Timekeeping

Anyone notice that Spanish sense of time keeping is loose to say the least? Planning a social meet a few days out we are finding is a waste of time as often they tend to feel different on the day itself.
Naturally we have to adapt as we are the immigrants but just wondered if others noticed this?
Booking something that involves handing over money is of course not the issue.. you can guarantee promptness 😂

I always like the Courtesy time, the time that the people who arrive on time have too wait for the people who turn up late.

But it's useful that you're not late for a restaurant reservation until you're more than 20 minutes late.

I never understand why Spanish TV advertises that the film starts at 22:40 when everyone knows it won't start till around 23:00. Why the subterfuge? Even the news Bulletins don't start on time on the telly (though they do on the radio)

I wrote this on my blog in October 2019

We went to a couple of things yesterday. One was reassuringly Spanish but the other followed a disturbing new trend.

There was a fundraising event in Novelda. Some local bands, names unknown to us, were playing a mini festival to raise money for victims of the flooding of a few weeks ago. We turned up a bit after, not much after, the advertised start time of 1pm and, as we expected, absolutely nothing was going on. Lots of people with pony tails, black t-shirts and big bellies were faffing around with bits of wire onstage but no bands. Obviously 1pm comes as a surprise every time. Normal, predictable, foreseeable behaviour. The bands kicked off with the normal, predictable and foreseeable twenty minutes to half an hour delay.

The bar was another surprise for the organising team. The surprise was that people arriving might want to buy a drink from the bar. The system was predictable enough. You couldn't pay with cash at the bar you had to buy tickets first - this is a common, but not universal, system for events with temporary staff. Someone known and trusted handles the money so that the the volunteers and the temps are not subjected to temptation. Usually, but not always, it's reasonably obvious that you need to buy tickets. This time there was nothing. The price list on the bar had € signs to help maintain the illusion that cash was acceptable right to the end. The woman in front of me in the queue was clutching her purse; you need tickets said the server and then we all knew. The woman and I walked the couple of hundred metres back to the entrance to buy tickets to swap for beer. Predictably there were no tickets. The organising team, taken unawares, by the sudden arrival of 1pm at 1pm, hadn't thought to arm the ticket selling staff with tickets. The tickets arrived in due course and then we were able to buy them to pay for beer. Now this is all pretty usual. Things starting late. Things suddenly happening. As Spanish as tortilla de patatas. It's sort of re-assuring because it's expected.

Later in the day we went to the theatre. We went to the splendid Concha Segura Theatre in Yecla. Always worth the visit just for the building. We'd booked late, the theatre was busy but not full. We'd reserved a couple of places in a box and nobody else joined us so we had a great view and a comfy spot. Curtain up time was advertised as 8pm. We've done a lot of theatre in our time here and I would estimate that twenty minutes delay is the norm. But not last night. No, the turn off your mobile phone the performance is about to begin announcement, was made before ten past. This is a bit worrying. I was at the theatre on Friday night too, in Pinoso, and Javier was up on stage to welcome everyone around ten past ten just ten minutes after advertised start. For West Side Story down in Alicante about three weeks ago that was nearer on time than usual too. I've only just realised but there's a pattern emerging. Spanish theatre times are closing in on the advertised time. I hope I'm not too old to adapt.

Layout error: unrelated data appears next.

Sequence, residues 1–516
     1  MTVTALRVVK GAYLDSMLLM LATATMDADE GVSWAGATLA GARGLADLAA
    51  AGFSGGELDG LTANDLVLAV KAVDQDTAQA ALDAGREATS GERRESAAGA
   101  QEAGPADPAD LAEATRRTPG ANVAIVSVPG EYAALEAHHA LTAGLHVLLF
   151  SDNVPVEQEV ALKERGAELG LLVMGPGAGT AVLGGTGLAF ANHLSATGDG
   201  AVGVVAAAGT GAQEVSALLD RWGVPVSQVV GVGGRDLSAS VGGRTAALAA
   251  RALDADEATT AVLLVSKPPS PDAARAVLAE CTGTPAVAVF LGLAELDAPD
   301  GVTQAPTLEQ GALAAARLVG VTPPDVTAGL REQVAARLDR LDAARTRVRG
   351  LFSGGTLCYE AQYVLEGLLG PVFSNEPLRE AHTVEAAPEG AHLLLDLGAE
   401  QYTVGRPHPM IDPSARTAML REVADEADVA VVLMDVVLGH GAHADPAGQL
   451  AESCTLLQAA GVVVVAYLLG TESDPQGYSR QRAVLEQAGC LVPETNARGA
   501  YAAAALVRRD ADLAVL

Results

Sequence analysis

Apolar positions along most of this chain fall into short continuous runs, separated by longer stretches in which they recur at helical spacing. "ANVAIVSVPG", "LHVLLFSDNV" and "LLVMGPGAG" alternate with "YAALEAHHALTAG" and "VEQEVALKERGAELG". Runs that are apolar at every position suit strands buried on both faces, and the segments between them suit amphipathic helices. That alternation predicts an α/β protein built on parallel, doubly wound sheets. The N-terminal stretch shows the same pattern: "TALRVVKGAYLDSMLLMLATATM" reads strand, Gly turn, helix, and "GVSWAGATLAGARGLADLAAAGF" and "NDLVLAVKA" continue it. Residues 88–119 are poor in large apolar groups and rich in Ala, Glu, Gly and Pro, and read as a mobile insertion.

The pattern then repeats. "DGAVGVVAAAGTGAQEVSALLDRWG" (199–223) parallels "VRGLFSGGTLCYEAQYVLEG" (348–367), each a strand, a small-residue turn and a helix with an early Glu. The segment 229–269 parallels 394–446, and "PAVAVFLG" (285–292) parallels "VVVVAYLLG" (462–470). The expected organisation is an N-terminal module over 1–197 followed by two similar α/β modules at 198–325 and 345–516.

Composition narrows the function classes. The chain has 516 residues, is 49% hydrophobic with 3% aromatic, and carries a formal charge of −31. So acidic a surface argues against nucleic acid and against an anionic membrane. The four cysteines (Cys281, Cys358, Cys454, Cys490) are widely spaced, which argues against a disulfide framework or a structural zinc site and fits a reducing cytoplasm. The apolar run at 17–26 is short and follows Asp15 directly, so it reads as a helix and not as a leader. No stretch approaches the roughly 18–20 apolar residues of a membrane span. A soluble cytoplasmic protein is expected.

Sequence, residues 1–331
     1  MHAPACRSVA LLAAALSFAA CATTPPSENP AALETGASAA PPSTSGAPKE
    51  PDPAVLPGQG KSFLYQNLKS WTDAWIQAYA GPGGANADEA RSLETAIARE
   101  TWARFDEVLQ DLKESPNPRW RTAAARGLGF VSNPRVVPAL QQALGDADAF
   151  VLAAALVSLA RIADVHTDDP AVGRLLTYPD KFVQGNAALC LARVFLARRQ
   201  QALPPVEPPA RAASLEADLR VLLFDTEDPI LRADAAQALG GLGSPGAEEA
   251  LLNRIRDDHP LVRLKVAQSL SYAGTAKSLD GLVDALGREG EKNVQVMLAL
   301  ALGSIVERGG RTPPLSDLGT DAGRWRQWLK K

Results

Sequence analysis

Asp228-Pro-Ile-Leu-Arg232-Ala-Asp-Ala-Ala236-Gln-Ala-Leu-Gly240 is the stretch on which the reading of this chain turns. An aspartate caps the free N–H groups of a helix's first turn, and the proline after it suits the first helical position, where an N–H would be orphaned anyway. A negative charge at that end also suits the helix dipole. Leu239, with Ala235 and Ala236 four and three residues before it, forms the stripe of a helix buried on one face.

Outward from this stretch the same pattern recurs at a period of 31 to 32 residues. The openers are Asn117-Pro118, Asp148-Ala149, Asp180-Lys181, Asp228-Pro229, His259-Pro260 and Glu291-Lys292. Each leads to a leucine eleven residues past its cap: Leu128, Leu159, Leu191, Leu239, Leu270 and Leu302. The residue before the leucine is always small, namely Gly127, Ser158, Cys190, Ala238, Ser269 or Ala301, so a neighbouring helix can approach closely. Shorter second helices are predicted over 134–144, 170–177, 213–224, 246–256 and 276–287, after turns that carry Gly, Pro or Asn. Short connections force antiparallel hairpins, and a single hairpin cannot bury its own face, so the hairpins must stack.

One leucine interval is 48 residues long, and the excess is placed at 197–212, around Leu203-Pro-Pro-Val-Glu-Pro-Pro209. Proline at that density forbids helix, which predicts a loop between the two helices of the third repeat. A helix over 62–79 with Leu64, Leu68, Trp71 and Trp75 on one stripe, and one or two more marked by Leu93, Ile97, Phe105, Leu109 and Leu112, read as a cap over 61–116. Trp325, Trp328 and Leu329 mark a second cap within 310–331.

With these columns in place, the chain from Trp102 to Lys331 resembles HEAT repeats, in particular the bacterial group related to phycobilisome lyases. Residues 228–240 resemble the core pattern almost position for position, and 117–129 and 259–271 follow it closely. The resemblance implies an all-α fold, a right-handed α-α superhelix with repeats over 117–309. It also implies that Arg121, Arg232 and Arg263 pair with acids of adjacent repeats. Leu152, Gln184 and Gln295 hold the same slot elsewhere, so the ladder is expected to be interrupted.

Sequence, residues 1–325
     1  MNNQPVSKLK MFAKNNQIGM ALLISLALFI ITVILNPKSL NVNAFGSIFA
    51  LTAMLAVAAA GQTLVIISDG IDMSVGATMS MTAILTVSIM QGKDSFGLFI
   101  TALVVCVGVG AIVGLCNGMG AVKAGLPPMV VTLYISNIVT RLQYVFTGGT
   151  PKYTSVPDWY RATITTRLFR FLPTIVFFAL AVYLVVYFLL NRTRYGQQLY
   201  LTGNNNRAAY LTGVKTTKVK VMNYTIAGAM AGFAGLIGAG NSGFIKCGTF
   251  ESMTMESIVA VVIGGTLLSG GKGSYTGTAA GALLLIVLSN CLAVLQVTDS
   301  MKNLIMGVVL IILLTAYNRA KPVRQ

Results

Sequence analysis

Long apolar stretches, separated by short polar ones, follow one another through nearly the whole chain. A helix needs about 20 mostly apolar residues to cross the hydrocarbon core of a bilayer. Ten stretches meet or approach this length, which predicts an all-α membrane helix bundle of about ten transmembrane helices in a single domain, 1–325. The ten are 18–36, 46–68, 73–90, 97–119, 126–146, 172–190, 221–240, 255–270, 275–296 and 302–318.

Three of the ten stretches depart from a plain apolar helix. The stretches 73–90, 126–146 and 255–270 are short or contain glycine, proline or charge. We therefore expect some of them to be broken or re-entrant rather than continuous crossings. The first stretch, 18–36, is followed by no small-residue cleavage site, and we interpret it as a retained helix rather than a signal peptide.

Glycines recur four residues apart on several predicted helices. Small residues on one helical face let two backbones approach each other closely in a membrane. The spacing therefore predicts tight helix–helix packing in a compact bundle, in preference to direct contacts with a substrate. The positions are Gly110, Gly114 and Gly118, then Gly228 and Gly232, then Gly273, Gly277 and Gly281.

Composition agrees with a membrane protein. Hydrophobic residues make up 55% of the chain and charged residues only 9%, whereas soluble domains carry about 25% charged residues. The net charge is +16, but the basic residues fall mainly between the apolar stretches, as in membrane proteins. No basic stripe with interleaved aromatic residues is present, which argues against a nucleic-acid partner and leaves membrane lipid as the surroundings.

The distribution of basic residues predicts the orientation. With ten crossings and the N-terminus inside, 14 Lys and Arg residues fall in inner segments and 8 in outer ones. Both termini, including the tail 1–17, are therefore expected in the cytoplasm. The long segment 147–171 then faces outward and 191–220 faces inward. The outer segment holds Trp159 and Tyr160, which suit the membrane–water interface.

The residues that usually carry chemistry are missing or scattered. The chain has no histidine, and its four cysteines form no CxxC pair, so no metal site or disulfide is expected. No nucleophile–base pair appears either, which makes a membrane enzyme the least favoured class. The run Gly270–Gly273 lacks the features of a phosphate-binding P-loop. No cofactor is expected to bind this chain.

Hahaha too old to adapt.. like it!

I do like getting to restaurants at 7pm virtually empty as the Spanish dont think food until as early as 8pm as an extreme measure only!

Generally though i get bored to tears waiting way past the scheduled time for things to start. Maybe the Spanish are simply all getting tanked up whilst I gnash my teeth?

'tomorrow' it's the Spanish fave word for people in Spain,
since 'siesta' is a worldwide-known word..

Yes kitty in England the permanent sign on one's desk WILL DO IT TOMORROW is a good joke. Here it would be seen as a boring obvious statement 😁

nevermind ,
'cause 'adaptation'
has been
~ the best useful skill of mankind ~
& surely of all of the surviving species above Earth on this planet..
  :happy:

Yes though for me it's more about compromise...I will enjoy the good things and try not to dwell on the disappointing ones

I lived in Miami, FL for over 30 years.  "On time" was considered a start of an event anywhere in the hour or so of the announced time.

Being an international city, there are several "time zones" there.  Any Miamian of any background knows there is "Cuban Time," "Haitian Time," and "regular" time.  LOL

I was born in Haiti, in addition.  I used to tell my parents to be ready for an event at least an hour earlier than announced just to make it there somewhere in the general time.   :D

My husband and I are going to Spain (Andalusia) by 2022.  He does not yet speak Spanish.  The first word and concept I taught him was "mañana!"

As preparation for our move, whenever he gets impatient about anything not being done as "quickly" as he would have expected, I just look at him and say, "mañana!"  LOL

I find the concept one of the "warmest" aspects of the country, unless, of course, one is waiting for official documents or answer.

Still, I suggest . . . calma, calma, mañana!

  ;)

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